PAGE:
Australian consumer confidence has remained steady in the period after the release of the Commonwealth Budget. According to the ANZ-Roy Morgan consumer confidence index, Australians are still experiencing a boost to sentiment. The index remained flat at an elevated 113.5 points last week, which is 11 per cent higher than a year ago. Compared to one month ago, the index is 5.70 per cent higher. “Confidence now appears to be trending higher following the government’s budget,” said ANZ chief economist Warren Hogan.
The index hit a 6-month high when it jumped in the weeks following the budget announcement. Since the series began, the long run average of 112.7 points is slightly below last week’s index value. “In level terms it is hovering just above its long-term average,” said Mr. Hogan. The survey, which measures expectations for various sets of economic outlooks, gathers its information from 1000 face-to-face interviews in the public. According to ANZ, it appears that the two cash rate cuts have also contributed to the rise in consumer confidence.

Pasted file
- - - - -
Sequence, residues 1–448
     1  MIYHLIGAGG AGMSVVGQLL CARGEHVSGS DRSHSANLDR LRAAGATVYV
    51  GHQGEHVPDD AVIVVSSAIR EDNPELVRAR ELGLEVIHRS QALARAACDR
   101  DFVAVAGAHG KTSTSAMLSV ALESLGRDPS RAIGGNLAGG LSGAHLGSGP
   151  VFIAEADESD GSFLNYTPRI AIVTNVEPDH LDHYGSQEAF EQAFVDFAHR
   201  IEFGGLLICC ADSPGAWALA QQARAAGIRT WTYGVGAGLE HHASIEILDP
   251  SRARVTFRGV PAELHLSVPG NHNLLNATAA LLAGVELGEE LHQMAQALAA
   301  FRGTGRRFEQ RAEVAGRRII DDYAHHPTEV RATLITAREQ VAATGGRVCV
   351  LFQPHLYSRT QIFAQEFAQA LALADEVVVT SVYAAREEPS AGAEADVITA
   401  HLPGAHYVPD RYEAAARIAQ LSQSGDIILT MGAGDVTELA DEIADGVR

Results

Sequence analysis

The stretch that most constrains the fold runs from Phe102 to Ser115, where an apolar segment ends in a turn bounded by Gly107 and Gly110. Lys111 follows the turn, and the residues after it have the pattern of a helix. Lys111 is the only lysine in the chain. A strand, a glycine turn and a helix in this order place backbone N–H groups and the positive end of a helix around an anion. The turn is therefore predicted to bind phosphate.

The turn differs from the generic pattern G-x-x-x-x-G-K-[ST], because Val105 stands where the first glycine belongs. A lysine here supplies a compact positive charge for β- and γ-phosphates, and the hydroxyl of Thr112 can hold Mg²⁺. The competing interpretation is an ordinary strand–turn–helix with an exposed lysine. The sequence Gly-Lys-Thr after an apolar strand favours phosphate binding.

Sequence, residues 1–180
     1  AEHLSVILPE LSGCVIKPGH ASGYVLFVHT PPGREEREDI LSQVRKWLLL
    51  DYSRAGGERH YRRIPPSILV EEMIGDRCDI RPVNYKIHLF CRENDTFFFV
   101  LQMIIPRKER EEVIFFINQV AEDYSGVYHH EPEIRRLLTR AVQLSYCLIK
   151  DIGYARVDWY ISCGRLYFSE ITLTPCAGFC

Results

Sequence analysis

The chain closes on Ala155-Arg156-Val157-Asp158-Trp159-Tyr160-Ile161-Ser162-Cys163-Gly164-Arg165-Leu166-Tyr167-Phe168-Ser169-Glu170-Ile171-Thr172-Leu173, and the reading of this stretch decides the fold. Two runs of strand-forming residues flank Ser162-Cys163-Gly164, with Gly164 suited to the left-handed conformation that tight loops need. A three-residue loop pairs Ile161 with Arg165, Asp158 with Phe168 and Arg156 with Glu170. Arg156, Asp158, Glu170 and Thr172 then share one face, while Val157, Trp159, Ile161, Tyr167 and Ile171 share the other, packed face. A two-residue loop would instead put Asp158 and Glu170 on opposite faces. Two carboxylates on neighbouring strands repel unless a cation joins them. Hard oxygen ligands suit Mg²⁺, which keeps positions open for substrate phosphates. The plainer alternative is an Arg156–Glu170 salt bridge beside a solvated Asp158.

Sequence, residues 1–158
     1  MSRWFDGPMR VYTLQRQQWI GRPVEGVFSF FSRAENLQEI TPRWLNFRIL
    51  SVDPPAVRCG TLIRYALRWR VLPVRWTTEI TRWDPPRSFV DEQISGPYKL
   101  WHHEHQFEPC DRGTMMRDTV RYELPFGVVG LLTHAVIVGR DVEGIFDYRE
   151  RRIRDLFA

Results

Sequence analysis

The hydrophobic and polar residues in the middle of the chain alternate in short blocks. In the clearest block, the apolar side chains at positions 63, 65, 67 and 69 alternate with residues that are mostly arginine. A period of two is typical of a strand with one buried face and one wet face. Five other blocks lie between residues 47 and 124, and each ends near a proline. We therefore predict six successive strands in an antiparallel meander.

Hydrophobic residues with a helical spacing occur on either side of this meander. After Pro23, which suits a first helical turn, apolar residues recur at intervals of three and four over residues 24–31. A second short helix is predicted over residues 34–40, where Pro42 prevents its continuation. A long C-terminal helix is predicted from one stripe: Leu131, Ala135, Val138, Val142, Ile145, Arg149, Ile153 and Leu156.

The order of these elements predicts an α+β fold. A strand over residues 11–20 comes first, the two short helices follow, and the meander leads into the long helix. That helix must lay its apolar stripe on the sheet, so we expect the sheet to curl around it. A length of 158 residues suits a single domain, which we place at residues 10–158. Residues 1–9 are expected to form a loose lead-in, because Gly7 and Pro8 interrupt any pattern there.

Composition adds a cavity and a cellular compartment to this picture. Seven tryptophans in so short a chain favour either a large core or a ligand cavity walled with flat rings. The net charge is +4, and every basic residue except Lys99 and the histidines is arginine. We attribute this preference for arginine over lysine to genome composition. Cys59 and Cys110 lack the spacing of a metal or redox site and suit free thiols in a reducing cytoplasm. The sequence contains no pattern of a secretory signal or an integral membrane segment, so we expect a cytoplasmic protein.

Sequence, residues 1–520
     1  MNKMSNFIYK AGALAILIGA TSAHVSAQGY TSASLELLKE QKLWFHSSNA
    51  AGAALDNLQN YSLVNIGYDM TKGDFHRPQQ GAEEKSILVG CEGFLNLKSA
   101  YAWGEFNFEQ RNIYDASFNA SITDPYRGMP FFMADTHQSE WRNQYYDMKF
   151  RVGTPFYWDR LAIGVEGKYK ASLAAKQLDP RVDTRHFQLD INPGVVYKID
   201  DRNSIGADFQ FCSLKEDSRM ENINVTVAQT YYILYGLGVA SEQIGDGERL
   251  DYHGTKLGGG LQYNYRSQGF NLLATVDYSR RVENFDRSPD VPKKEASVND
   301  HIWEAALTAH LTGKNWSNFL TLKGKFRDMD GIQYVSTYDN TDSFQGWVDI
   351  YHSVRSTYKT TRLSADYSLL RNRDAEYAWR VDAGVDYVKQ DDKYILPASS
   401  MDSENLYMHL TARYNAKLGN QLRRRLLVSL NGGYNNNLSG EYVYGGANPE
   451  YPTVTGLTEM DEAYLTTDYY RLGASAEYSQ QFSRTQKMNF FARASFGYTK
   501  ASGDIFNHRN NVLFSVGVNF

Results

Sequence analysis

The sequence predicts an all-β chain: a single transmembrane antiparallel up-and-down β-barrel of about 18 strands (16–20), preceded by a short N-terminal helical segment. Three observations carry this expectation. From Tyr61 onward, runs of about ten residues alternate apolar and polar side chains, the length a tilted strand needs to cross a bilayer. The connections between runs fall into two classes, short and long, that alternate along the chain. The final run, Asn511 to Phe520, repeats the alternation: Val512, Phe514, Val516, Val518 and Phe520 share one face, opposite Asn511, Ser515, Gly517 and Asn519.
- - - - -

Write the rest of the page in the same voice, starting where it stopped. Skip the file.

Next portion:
Mr. Hogan warned that although the index was looking strong, it may fade if the government doesn’t continue its momentum. “The lift in confidence is unlikely to be sustained if key measures do not pass through the parliament,” he said. “More importantly, confidence amongst consumers requires job creation and a stable, or better still, falling unemployment rate.” Mr. Hogan also noted that although the housing market remains a point of strength, the ‘time to buy a major household item’ index saw the smallest gain out of all the sub-indices. The market has largely ignored the steady consumer confidence on Tuesday. The ASX is down 1.20 per cent around 1:52pm on Tuesday.
Author: Imran Valibhoy
Jun 02, 2015
Since Joining the firm in 2006, Imran has worked on a range of M&A and Capital Market transactions in the natural resources, mining as well as projects in the renewable energy sector. Prior to joining Wise-owl, Imran worked at Euroz Securities in Perth, aiding in the advisory and valuation of companies in the mining and industrial sectors in Australia. Imran has a Masters in Banking & Finance from City University's Class Business School in London and a Bacheloor degree in Commerce from UWA.